A decade ago, the region’s smartest planners launched ambitious efforts to change the way Sacramentans get to work. They laid miles of new carpool lanes, extended light rail to the suburbs, and pushed for denser, mixed-use neighborhoods close to jobs, where people could walk and bike to work.
New data, however, suggest that investment has yet to pay off.
Three out of four commuters in the six-county region still get to work each day the same way they did in 2000, alone in their cars, according to an analysis by the Sacramento Area Council of Governments.
At the same time, despite a major state Transportation Department carpool-lane construction program, the percentage of commuters in carpools shrank noticeably. Public transit agencies ended the decade carrying about the same percentage of commuters as before. The percentage of people walking to work is slightly lower than in 2000. Only bicycling, among “alternative” transportation types, showed an increase. Bike numbers are small, though, just 1.7 percent of the region’s workforce.
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Mike McKeever, executive director of SACOG, the regional planning agency pushing for a bike, walk and transit-friendly region, said he is not pleased, but not surprised by the numbers. They cover a decade in which regional planning and building were thrown topsy-turvy by a major recession.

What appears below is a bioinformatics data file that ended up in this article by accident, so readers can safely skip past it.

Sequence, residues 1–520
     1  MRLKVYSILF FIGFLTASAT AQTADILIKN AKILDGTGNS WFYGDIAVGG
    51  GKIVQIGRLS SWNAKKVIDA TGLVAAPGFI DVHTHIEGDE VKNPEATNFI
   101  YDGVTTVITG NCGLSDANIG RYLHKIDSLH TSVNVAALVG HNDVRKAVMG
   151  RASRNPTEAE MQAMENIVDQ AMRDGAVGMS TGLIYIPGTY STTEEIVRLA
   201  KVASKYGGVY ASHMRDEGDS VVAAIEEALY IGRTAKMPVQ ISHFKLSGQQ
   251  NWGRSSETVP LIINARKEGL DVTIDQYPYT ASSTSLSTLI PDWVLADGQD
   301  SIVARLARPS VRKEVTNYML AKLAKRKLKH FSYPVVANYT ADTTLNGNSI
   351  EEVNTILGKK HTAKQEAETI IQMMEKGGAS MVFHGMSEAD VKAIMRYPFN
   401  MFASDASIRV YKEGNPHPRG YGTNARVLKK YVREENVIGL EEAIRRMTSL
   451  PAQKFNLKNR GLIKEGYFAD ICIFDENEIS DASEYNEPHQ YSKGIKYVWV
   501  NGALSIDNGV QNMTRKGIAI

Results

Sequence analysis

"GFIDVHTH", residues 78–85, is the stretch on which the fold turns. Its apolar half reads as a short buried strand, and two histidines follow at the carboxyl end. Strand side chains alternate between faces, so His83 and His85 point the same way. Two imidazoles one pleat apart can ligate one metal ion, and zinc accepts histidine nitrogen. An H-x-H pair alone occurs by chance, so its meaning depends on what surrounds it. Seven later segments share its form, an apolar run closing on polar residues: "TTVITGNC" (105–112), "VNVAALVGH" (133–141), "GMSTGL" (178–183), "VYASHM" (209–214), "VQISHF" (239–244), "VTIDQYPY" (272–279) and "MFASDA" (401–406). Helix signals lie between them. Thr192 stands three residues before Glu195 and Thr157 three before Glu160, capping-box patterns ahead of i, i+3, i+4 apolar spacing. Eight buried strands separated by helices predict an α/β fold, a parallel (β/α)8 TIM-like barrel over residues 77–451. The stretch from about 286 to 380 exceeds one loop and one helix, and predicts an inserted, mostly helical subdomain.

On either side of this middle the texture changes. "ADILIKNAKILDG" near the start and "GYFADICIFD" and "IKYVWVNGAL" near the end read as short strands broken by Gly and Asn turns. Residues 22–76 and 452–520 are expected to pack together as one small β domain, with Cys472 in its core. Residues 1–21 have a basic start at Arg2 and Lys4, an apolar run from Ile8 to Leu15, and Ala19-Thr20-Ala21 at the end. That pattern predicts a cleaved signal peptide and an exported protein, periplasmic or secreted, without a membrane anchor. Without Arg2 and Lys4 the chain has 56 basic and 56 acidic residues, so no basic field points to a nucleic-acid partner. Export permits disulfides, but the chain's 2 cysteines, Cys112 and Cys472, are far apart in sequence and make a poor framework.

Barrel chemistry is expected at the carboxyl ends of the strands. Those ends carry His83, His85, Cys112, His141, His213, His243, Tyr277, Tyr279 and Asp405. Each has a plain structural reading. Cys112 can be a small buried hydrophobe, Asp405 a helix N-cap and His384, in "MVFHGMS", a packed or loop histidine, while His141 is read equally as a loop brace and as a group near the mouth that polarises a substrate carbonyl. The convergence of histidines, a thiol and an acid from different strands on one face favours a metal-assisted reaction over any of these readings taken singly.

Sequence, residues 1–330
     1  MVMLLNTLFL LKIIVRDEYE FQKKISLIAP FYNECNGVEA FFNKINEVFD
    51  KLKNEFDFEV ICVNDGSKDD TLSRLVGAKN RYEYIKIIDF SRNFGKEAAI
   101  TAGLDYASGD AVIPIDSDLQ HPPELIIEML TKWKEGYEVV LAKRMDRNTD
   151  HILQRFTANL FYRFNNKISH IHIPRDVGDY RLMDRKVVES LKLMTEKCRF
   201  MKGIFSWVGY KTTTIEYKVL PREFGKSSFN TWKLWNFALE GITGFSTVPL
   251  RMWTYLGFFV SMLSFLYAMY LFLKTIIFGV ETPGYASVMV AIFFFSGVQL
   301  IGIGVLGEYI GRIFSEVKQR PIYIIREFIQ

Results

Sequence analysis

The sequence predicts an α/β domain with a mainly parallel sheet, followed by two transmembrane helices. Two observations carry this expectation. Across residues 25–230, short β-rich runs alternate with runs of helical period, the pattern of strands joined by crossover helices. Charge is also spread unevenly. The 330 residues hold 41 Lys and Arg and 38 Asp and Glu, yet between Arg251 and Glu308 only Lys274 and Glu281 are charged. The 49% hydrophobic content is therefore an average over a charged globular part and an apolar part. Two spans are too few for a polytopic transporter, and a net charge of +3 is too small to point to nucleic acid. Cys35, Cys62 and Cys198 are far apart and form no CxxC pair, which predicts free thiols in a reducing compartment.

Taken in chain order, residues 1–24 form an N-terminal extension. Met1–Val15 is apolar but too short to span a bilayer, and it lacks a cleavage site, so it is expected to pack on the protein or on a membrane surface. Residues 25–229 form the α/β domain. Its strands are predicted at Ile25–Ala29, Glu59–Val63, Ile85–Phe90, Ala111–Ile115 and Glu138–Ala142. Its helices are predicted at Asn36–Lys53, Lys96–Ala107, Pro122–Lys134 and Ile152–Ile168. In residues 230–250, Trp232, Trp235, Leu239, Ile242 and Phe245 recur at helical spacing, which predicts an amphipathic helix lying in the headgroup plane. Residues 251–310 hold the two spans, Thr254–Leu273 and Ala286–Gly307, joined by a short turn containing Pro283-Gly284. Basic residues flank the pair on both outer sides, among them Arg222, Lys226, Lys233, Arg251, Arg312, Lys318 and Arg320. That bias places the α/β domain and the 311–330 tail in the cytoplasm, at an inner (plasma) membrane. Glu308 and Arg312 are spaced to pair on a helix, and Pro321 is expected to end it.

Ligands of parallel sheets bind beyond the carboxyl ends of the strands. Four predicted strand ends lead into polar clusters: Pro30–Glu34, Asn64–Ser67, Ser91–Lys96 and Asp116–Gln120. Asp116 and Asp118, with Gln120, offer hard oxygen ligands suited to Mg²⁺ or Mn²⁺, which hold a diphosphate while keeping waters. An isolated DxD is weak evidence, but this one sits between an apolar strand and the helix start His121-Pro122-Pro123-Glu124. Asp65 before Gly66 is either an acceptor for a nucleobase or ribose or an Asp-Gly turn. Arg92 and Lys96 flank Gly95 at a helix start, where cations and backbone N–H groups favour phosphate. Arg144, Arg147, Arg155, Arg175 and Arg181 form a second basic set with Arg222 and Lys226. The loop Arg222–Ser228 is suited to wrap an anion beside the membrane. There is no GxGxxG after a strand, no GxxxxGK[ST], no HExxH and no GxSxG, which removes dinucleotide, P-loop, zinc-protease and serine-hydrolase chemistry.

“These are big changes” leaders are trying to make, McKeever said, “but they are evolutionary changes, not revolutionary changes. These numbers change very slowly.”
While the region has invested hundreds of millions of dollars in alternative transportation modes in the last decade, it also has spent hundreds of millions of dollars adding and widening roads to make it easier to commute in cars.
McKeever and others say they are concerned in particular about the decreasing percentage of carpools. SACOG plans to launch a review to try to find out what caused it. The carpooling drop-off, officials say, may be part of a national trend.
The new numbers, based on federal, state and local data, show some positives. After years of growing commute lengths and increased congestion, Sacramento held steady in the 2000s. The average commute time remained 26 minutes. Overall, congestion dropped slightly.
Notably, the number of people who work at home grew over the last few years, and now represents 5.5 percent of the region’s workforce. Some of them may be people who once commuted to jobs, lost during the recession, who now cobble together a living working from home.